Board of Education President Jo Ann Tollenger describes this year's budgetary battle as a tug of war, with the board being pulled by County Council members on one side and the county executive on the other,with each side seeking more control over board spending.
A bill County Executive Robert R. Neall had approved by the legislature giveshim and other executives the power to trim the board's budget; the council was scheduled to vote on enabling legislation last night that would start the budget process over again this month after only half the fiscal year.
Council members, however, have begun to complain that Neall is wielding too much power; an amendment to the legislation, introduced byCouncilman David Boschert, D-Crownsville, would give the council unprecedented power to alter the executive's budget proposals.
Board members, meanwhile, see themselves as stuck between a rock and a hardplace.
"It puts the board in a tough position," Tollenger said. "If the (Boschert amendment) passes and the County Council has the opportunity to look at the revenue side, it could change things. If there is a rainy day fund that Neall is holding, I'm not sure where it leaves us.
"We have to submit a budget, and we are looking at makingcuts that are least damaging."
At a meeting scheduled for 9 a.m. tomorrow at board headquarters in Annapolis, school officials say, they will do their part, slicing another $5 million off their $341 million budget. The four unions representing school employees are slated to report back on a proposal for four-day furloughs as a way of saving $4 million.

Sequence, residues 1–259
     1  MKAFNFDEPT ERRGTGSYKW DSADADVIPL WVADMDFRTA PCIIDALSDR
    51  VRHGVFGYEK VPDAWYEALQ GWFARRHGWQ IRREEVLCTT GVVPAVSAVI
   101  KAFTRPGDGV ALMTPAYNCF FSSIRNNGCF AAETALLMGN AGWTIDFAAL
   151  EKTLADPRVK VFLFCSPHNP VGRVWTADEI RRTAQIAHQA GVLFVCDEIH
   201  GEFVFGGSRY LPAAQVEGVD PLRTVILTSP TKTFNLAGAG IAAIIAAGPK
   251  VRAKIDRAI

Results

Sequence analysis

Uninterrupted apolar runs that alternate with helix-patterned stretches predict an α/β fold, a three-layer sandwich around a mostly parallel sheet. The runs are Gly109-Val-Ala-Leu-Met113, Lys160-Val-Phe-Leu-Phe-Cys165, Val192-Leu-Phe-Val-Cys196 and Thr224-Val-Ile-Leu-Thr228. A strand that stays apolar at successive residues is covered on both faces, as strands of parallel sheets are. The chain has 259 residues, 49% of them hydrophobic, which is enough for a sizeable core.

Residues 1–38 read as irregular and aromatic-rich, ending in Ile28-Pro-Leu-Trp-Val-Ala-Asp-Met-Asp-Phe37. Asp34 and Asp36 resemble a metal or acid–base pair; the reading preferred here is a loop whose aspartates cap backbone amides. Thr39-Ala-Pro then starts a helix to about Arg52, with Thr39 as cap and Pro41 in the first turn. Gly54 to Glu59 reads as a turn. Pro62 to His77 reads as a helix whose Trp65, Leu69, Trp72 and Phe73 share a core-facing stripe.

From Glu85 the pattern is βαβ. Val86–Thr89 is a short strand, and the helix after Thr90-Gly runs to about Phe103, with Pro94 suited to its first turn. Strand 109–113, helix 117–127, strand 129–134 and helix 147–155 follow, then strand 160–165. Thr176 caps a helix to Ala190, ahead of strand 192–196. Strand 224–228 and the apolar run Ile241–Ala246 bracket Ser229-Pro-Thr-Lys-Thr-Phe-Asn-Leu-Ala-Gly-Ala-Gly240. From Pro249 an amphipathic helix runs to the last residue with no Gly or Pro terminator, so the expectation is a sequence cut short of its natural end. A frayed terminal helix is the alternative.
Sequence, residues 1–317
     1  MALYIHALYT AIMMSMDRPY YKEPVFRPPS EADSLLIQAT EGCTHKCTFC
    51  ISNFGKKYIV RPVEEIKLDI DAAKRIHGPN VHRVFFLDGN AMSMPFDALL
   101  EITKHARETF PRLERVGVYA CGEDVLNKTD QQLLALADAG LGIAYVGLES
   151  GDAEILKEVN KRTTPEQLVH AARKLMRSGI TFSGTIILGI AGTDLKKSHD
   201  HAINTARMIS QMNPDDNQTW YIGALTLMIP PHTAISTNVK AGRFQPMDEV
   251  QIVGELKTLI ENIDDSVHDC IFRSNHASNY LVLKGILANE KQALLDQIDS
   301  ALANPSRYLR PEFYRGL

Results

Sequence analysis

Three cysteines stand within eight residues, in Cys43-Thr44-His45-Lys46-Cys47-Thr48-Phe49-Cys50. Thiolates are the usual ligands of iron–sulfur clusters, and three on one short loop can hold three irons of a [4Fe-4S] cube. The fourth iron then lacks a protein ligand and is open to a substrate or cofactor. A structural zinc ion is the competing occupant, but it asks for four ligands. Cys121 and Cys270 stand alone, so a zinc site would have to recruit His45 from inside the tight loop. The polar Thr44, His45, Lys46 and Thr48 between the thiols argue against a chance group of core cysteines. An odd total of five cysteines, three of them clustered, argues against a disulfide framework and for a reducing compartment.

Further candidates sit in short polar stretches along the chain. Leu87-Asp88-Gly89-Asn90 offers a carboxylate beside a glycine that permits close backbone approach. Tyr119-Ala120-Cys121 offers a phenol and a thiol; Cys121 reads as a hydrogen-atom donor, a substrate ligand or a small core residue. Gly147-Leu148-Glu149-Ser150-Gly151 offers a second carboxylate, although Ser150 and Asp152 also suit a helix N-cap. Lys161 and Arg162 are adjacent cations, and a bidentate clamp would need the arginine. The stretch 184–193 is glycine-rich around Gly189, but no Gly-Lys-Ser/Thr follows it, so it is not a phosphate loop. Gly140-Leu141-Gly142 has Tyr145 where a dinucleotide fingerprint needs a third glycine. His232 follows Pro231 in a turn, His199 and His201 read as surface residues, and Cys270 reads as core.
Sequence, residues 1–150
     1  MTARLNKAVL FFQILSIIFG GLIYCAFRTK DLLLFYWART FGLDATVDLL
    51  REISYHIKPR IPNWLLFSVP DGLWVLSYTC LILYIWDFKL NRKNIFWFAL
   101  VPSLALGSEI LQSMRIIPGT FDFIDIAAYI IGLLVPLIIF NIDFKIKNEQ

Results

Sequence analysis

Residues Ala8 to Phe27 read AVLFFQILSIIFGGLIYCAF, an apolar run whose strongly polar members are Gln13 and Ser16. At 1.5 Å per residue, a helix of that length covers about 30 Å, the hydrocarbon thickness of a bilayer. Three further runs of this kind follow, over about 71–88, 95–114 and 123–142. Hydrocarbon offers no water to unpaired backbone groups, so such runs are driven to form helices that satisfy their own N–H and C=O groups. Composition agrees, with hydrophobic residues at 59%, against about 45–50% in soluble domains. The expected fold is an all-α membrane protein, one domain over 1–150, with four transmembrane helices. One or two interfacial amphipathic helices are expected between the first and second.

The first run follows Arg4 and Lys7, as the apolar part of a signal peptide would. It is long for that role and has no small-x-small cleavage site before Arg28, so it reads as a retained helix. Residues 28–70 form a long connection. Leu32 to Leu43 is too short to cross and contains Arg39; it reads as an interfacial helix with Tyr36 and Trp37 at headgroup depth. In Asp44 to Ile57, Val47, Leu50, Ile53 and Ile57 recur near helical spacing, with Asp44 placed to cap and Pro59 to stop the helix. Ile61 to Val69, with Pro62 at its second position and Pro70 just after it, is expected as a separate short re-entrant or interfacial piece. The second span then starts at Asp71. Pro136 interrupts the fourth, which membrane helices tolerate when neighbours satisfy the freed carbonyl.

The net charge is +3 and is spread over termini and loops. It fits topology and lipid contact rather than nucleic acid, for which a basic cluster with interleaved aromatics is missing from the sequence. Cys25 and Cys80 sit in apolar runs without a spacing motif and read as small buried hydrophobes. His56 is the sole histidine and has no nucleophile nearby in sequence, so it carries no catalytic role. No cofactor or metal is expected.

Board members already have trimmed $5 million from the budget, in response to an earlier request by Neall. They also havemapped out a tentative plan that could save $2 million, which includes (savings in parentheses):
* Suspension of the ISIS systemwide computer program for the remainder of the year ($100,000).
* Limiting reimbursement for executive staff ($21,000).
* Suspending all recruitment activities ($10,000).
* Eliminating teacher workshops ($40,000).
* Deferring replacement school buses for a year ($75,000).
* Using activity buses for one day only at middle-junior highs ($275,000).
* Eliminating non-emergency car phones ($2,000).
Inaddition to making budget cuts, the board is scheduled to address a $100,000 shortfall in the Maryland Tomorrow program, which helps students identified as being at-risk of dropping out.
Other meeting agenda items include a construction status report, a design developmentplan for Meade Middle and a vote on capital funding for renovations to Eastport, Severna Park and Annapolis elementary schools.